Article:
Mergers and acquisitions (M&A) aren’t always just one company buying another, or two businesses agreeing to merge. In fact, these kinds of deals are actually the minority.
Typically the deal is much more complicated. Companies will sell off pieces of their business if doing so makes strategic sense or the price is right.
But what if you own stock in a company selling off a division or branch? Don’t you, as a shareholder, have a say in the matter?
One group of shareholders thinks so. They rose up against a mobile technology giant and an internet behemoth. And the battle is coming to a head… TODAY.
A Typical M&A Deal?
Some shareholders weren’t happy about this, to say the least.
The story goes, Google wanted this particular chuck of Motorola and offered to pay $40 per share in cash, or a total of about $12.5 billion, for it. That’s a premium of 63% to the closing price of Motorola Mobility shares on August 12, 2011 – the day the deal was announced.
The transaction was unanimously approved by the boards of directors of both Motorola and Google.
But, a number of Motorola shareholders weren’t happy with the decision. And they’re still fighting it.
In a press release to the public, the two companies outlined the benefits of the acquisition. The release said that Google and Motorola Mobility together would accelerate innovation and choice in mobile computing. And that consumers will get better phones at lower prices.
The companies also said Motorola Mobility’s patent portfolio will help protect the Android ecosystem. Android, which is open-source software, is vital to competition in the mobile device space, ensuring hardware manufacturers, mobile phone carriers, applications developers, and consumers all have a choice.
Fast-forward to mid-May 2015 when Motorola shareholders received a potentially rewarding letter…
Fight for Your Rights
Shareholders of Motorola received a statement from the Circuit Court of Cook County, Illinois, indicating that if they held common stock of Motorola Mobility Holdings, Inc. during a designated period between 2011 and 2012, their rights may be affected by the partial settlement of a class.
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The class action alleged that Motorola breached its fiduciary duties to common stockholders. The company didn’t disclose sufficient information regarding its approval of Google’s bid for Motorola Mobility. Most importantly, Motorola didn’t disclose why it chose to sell off this division.
The shareholders bringing the case against the company feel this information should have been provided to all shareholders prior to the effective date of the acquisition – meaning when the Board of Directors made their decision to approve the acquisition.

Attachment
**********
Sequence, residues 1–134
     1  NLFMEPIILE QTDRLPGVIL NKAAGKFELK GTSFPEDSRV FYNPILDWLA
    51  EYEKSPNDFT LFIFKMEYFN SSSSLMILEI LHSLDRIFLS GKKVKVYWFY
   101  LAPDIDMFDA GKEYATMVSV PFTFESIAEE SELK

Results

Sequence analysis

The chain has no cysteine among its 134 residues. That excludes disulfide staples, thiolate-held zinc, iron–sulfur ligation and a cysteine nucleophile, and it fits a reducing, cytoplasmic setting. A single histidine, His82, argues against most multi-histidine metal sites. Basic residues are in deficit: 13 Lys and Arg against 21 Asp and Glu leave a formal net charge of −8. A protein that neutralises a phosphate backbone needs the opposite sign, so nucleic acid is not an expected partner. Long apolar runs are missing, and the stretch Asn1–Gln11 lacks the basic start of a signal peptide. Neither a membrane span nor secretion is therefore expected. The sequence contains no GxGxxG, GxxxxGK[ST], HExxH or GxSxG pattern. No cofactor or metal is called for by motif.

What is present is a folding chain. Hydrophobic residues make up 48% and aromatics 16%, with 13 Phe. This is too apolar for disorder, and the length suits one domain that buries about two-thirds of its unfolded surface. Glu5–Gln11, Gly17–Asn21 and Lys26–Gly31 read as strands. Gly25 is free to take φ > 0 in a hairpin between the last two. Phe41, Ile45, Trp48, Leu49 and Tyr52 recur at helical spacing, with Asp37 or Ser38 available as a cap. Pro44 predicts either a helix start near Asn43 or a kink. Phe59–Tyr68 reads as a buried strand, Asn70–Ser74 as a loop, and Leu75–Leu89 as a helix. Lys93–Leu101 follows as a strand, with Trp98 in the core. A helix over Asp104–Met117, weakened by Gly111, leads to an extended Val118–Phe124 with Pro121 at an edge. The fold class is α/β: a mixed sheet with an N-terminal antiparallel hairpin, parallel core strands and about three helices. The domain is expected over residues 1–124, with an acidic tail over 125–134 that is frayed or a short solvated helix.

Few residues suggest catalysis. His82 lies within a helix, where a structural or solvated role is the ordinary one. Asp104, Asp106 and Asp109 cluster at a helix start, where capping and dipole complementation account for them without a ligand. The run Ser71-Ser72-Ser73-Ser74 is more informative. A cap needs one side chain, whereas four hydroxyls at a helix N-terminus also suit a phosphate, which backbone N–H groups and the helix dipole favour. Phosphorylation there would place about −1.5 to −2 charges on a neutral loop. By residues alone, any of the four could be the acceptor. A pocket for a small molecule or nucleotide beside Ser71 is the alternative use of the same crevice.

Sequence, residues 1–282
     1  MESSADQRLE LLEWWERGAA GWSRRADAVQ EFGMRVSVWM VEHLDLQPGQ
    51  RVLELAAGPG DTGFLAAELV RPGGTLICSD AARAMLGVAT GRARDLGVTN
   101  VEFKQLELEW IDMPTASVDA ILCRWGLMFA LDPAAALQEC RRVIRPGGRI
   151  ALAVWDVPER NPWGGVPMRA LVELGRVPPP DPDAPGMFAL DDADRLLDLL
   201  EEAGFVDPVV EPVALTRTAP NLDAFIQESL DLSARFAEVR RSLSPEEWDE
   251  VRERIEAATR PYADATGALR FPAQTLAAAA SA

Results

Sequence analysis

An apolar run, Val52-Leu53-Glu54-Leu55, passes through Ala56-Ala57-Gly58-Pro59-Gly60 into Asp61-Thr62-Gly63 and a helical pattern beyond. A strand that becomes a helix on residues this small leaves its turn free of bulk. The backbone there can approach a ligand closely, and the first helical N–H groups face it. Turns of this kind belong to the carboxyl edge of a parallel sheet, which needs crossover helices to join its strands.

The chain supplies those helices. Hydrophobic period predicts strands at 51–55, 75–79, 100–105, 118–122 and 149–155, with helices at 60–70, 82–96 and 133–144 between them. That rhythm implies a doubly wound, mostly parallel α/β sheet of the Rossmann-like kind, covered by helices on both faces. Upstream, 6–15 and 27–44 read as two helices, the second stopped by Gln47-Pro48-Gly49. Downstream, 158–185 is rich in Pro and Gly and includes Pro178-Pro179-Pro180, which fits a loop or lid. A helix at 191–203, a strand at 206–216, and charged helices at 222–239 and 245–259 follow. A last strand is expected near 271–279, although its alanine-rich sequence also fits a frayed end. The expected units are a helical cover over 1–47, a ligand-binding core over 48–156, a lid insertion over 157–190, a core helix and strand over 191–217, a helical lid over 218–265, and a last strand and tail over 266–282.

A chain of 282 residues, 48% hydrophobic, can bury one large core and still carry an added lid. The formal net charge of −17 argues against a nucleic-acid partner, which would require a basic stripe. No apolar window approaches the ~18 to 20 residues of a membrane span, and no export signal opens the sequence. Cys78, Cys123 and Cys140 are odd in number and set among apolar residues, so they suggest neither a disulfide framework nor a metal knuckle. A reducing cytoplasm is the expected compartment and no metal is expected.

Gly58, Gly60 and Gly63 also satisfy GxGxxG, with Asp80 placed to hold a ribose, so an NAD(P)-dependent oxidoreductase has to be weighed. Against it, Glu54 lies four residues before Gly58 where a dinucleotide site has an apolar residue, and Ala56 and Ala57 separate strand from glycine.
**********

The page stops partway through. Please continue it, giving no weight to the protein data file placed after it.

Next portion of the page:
The laundry list of requested information includes Motorola’s financial projections for fiscal years 2011 through 2015, reports from various financial advisors to Motorola, and the conversion of equity rewards with respect to stock held by Motorola employees.
The defendants – consisting of Motorola Mobility, a few of its directors, and Google – contend that the allegations were meritless, and have denied and continue to deny all allegations and claims of wrongdoing.
A Partial Settlement
The court didn’t decide in favor of either side. Instead, both sides agreed to a partial settlement, thereby avoiding the uncertainty and expense of further litigation.
Motorola, as part of a partial settlement, made supplemental disclosures in a filing with the SEC in November 2011. Additionally, it capped legal fees to the plaintiff’s attorneys at $750,000, subject to terms of the agreement.
Now, we’re left waiting to see if the partial settlement will be approved. If so, all claims against Motorola and the defendants will be released.
The decision will be made today at a “fairness hearing” in the Circuit Court of Cook County.
If the court approves the partial settlement, the parties will ask the court to enter a final order approving it.
Of course, the court may adjourn or continue the hearing without further notice, meaning we don’t know how long it will take for a decision to be made.
Keep attuned to what transpires today.
Likely, the case will be settled for some “reasonable” sum. Google, of course, will remain happy with its acquisition, Motorola will be annoyed but relieved, and shareholders can finally move on.
But if the case isn’t approved, it wouldn’t bode well for Motorola or its stockholders.
Even more important, it could potentially change the landscape of M&A going forward in terms of what information should be disclosed to shareholders prior to an acquisition.